Portland State University's former vice provost of student affairs, Dr. Douglas Samuels, received a $795,000 settlement from the school, concluding a four-year legal battle alleging racial discrimination. He filed suit against the institution in U.S. District Court in 2005, charging that the university violated his civil rights when it demoted him to a teaching post.
Dr. Samuels stated that he was subject to inequitable treatment in terms of pay, committee assignments and job responsibilities during his four-year tenure.
"I hope this settlement will be a healing milestone for both Portland State and my family," said Dr. Samuels, who lives in Southwest Washington with his wife and their three children. "This has been a significant professional and financial hardship, and I'm looking forward to resuming my career working with university students."
In 2001, Portland State University hired Dr. Samuels as vice provost of student affairs after a nationwide search. His responsibilities as vice provost were vast, including admissions, records, registration, financial aid, educational opportunity programs (federally funded initiatives), student academic advising and support services, career services, student activities and leadership programs, student health and counseling center, dean of students office, orientation, graduation ceremonies, campus-wide judicial system, community college and transfer initiatives, and student organizations. He reported directly to the vice president and provost for academic affairs. Previously, Dr. Samuels had been associate dean of student affairs and diversity at Vermont Law School.
Shortly before Dr. Samuels was hired, former Portland State President Daniel O. Bernstine commissioned a Campus Climate Study to, in part, address the university's lack of diversity. When Dr. Samuels arrived, there were no persons of color in senior administrative positions other than the president and the dean of social work at Portland State.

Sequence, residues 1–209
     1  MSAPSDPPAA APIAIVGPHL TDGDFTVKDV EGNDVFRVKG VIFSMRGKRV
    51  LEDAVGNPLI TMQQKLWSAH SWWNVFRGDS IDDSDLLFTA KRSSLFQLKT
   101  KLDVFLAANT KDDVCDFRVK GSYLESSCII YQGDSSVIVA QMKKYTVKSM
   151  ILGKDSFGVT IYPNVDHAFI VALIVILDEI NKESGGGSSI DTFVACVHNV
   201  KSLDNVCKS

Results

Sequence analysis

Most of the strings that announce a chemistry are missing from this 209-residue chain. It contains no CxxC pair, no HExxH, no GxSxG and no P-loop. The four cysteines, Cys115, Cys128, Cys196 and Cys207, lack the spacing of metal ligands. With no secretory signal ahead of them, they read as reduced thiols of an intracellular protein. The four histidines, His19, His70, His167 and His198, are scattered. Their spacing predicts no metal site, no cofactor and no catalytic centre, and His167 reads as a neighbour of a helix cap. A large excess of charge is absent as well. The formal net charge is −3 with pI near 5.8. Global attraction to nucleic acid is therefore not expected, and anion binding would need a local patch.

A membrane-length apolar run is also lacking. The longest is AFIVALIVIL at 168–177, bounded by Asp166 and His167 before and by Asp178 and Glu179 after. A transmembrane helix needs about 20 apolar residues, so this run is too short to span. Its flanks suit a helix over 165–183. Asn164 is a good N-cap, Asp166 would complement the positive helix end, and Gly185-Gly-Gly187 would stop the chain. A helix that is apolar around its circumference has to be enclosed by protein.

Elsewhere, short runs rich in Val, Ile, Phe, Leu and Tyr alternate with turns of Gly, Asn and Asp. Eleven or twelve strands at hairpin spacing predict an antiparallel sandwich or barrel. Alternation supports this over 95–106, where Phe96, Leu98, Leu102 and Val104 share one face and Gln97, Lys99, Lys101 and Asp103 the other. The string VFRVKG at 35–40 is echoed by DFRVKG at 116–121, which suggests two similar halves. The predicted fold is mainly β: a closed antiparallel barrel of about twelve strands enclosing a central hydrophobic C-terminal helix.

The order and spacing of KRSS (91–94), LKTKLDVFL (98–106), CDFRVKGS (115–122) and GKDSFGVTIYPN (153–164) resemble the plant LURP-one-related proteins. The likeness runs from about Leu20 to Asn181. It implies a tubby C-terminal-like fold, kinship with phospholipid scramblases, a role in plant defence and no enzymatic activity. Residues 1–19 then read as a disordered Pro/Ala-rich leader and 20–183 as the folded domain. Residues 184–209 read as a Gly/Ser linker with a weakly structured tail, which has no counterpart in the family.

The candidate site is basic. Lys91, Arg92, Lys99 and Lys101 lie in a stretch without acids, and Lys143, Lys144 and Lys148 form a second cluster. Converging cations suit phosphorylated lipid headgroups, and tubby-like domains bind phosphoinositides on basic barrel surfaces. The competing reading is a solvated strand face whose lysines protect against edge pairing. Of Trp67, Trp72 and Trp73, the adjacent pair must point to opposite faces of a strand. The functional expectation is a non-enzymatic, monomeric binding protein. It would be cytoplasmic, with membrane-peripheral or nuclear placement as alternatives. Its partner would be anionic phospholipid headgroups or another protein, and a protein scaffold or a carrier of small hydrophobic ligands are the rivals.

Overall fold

"Portland State had a reputation as a very hostile working environment for faculty and staff of color," said Attorney Glen McClendon, partner with Lindsay, Hart, Neil & Weigler, LLP, who serves as legal counsel for Dr. Samuels. "Given the highly unusual treatment he endured during his tenure, he had no choice but to follow through with this complaint."
According to Dr. Samuels, almost immediately after being hired, he encountered difficulties administering his department and implementing the changes mandated by the Campus Climate Study. After stripping him of his administrative post in Fall 2005, and demoting him to professor in the Black Studies Department, he resigned from his faculty position.
Still, Dr. Samuels remains proud of his achievements at Portland State. Under his leadership:
Portland State's enrollment nearly doubled and the university became Oregon's largest. "We revamped enrollment and increased student retention," Dr. Samuels said. "A key to that effort was the articulation agreements we developed with area community colleges (Portland, Clackamas, Mt. Hood and Clark) to easily transfer classes and credits."
Dr. Samuels helped establish Portland State's Multi-Cultural Center, and guided the development of a new housing residential life program, featuring a $44 million, eco-friendly housing complex in downtown Portland.
Dr. Samuels also helped launch the Native American Student and Community Center, which is an on-campus facility where Native American, Alaskan Native and Pacific Island students find academic and social support.
He also managed a budgetary crisis. In first six month as vice provost, Dr. Samuels was told to cut $400,000 from the department's budget out of an $11 million budget. "Instead I increased our revenues by $350,000 and didn't have to lay off any staff in a department of 400 employees."
Since his departure, Dr. Samuels has been involved in consulting, community activities and as a caregiver for his mother. With the lawsuit behind him, Dr. Samuels continues to seek an administrative or teaching position in higher education.
"Finding a new position has been difficult with this litigation pending," Dr. Samuels said. "I'm hopeful that this is a significant step in clearing my reputation and in getting back to work."